The Next Right Thing

It’s Monday morning – grocery shopping day. And as most Mondays go, this one proves to follow the general flow of crazy. We stumble through breakfast – one cup of milk spilled, one child in tears because we’ve run out of raisins to put in her oatmeal. I grumble through the routine of getting everyone dressed, only losing patience once or twice – “What do you mean you still haven’t put your socks on?! What have you been doing for the last ten minutes???!” And then the final task of squeezing into shoes and jackets, heft kids, buckle car seats, and click everybody in. One last dash into the house for the forgotten van keys, and we are on our way. After a laborious trudge through the grocery store – baby in the carrier, one kid in the seat of the cart, two riding on the back bumper – we emerge, bags bulging, to re-click and buckle into the car, drive back home, and tumble back into the house, the week’s grocery mission accomplished. 

Only… re-entering the house seems like it could be the straw that breaks the camel’s back, as I am full-face confronted with overwhelming chaotic disorder. The counters are covered with dirty breakfast dishes, the dishwasher stands open still full of last night’s clean dishes, waiting to be unloaded before it can be of any service to me. The floor is covered with grocery bags, spilling out their contents. The children are picking their way through, shedding shoes and jackets as they go, and plaintively beginning to beg for lunch. Panic rises slowly to cloud my eyes, and I am sorely tempted to run – where does one small, tired mother begin when everywhere I look is a mini disaster zone?   

Allow me to digress a moment – I promise this is related – but one of my favorite musicals is Fiddler on the Roof, a story of a Jewish family in Russia in the early 20th century. In one poignant, heart-breaking scene, a beautiful wedding celebration is turned to chaos as a gang of anti-Semites sweep in, destroying the food, the gifts, scattering the dancing, chasing away the guests, until all that’s left is the bride and groom and their family, standing in the midst of total wreckage. As the family surveys the damage in stunned silence, the father Tevya steps forward and in a symbolic act, picks up one single overturned chair and sets it back upright – one small, yet essential first step towards making things right again.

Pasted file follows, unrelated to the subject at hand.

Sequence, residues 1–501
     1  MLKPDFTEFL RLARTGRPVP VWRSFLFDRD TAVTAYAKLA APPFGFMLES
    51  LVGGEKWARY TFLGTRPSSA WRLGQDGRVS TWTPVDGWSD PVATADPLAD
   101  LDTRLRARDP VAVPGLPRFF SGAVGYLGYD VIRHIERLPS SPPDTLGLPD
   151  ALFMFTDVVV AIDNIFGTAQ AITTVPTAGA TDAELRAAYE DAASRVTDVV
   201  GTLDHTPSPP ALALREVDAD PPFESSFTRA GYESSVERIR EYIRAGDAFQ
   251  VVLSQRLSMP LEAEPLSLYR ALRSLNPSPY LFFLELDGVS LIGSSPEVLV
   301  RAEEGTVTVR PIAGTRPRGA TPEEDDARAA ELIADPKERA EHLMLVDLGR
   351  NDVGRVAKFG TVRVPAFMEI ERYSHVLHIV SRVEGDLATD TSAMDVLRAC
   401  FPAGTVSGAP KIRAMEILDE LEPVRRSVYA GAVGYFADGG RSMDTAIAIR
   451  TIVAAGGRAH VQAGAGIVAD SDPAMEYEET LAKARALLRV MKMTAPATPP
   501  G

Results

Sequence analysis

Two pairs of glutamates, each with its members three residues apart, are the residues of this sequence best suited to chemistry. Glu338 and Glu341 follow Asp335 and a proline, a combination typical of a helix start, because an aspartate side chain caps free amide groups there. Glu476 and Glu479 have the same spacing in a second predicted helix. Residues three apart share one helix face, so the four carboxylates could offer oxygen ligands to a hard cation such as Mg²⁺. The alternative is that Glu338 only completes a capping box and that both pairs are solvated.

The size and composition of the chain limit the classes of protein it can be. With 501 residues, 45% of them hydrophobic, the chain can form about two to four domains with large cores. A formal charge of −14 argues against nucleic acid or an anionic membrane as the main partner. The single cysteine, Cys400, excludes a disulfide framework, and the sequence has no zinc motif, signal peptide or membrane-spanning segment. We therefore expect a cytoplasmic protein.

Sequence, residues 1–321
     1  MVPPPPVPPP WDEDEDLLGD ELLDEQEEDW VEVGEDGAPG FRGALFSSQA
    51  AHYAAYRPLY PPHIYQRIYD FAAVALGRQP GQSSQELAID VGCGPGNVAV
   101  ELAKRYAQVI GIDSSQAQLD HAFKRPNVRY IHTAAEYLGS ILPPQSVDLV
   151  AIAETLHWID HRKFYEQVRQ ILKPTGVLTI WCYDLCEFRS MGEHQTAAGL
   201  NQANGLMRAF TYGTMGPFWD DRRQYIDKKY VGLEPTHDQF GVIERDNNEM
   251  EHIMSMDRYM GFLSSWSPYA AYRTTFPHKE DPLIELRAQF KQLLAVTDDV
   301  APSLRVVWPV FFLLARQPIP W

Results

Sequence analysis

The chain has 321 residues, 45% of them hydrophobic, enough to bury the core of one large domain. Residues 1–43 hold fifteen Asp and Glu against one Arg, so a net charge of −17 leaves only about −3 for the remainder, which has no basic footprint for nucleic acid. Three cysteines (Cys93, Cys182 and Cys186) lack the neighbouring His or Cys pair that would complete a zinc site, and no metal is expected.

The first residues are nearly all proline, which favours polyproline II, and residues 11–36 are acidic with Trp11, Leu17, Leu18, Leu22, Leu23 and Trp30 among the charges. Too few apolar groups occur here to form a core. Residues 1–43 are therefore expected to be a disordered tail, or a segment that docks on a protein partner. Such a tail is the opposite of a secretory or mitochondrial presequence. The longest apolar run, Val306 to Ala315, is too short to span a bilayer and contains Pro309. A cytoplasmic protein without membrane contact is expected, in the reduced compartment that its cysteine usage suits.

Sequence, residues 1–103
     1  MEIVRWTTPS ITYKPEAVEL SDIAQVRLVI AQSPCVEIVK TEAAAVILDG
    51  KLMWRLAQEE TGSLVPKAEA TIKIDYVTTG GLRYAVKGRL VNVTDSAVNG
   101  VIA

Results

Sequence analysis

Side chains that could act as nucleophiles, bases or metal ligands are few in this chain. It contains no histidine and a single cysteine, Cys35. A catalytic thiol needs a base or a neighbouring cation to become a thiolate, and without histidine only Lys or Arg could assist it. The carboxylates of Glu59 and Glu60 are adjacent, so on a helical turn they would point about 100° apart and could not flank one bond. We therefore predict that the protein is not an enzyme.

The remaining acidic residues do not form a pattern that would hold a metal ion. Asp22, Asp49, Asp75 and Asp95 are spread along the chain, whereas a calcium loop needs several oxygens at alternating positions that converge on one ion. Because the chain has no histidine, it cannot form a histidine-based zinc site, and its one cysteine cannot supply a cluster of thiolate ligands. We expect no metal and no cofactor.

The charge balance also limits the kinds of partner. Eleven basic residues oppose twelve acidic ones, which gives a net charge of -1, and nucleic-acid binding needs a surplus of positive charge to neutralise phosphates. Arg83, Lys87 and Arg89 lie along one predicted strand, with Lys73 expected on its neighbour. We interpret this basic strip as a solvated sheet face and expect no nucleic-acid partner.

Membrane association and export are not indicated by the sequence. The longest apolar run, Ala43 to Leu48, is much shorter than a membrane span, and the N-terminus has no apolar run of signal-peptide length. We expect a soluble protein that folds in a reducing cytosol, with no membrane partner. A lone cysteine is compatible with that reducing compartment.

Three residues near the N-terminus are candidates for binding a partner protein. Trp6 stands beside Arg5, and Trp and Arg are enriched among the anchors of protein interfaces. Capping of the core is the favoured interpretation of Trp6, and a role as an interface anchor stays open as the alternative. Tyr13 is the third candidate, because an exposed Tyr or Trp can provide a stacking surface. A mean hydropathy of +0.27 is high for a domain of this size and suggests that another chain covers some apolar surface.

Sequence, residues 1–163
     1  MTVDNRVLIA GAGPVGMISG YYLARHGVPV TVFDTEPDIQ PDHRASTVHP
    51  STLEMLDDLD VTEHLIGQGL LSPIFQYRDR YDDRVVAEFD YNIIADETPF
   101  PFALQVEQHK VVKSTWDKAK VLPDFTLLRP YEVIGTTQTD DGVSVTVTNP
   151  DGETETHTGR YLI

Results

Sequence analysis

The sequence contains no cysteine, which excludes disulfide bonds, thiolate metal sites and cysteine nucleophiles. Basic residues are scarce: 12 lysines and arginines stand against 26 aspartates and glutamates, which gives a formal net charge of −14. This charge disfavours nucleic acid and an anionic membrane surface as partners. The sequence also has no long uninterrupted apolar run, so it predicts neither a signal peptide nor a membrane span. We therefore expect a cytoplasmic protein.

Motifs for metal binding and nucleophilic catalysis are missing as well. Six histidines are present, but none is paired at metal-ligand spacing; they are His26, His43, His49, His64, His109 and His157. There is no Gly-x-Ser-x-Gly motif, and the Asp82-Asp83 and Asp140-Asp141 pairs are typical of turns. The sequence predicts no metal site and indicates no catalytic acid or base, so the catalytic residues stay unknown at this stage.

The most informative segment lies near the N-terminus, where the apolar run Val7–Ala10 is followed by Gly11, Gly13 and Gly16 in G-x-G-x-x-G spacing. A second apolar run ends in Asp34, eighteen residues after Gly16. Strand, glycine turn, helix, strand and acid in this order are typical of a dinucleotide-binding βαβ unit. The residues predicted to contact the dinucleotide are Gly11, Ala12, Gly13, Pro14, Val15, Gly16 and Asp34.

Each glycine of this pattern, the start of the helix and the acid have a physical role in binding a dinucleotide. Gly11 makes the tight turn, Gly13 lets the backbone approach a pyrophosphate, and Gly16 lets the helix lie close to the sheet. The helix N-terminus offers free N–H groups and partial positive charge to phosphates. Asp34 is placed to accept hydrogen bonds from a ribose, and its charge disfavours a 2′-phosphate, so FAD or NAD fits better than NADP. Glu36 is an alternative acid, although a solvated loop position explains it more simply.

My life is, of course, in no way comparable to what the Jewish people faced at that time, and I am by no means putting my small moments of chaos and disorder on that level in any way. But that scene, the moment when Tevya, surrounded by wreckage, stands up one single chair, often comes to my mind on a Monday morning. The need around me feels so overwhelming and if I think about everything that needs to be done at once, I’ll run away. But what I can do is pick up one single can of food and put it away. And then another one. And then attend to one hungry child. And then another one. And while the chaos feels beyond my strength, I don’t need to tackle it all at once, only take one small step at a time, do whatever small next thing is in front of me.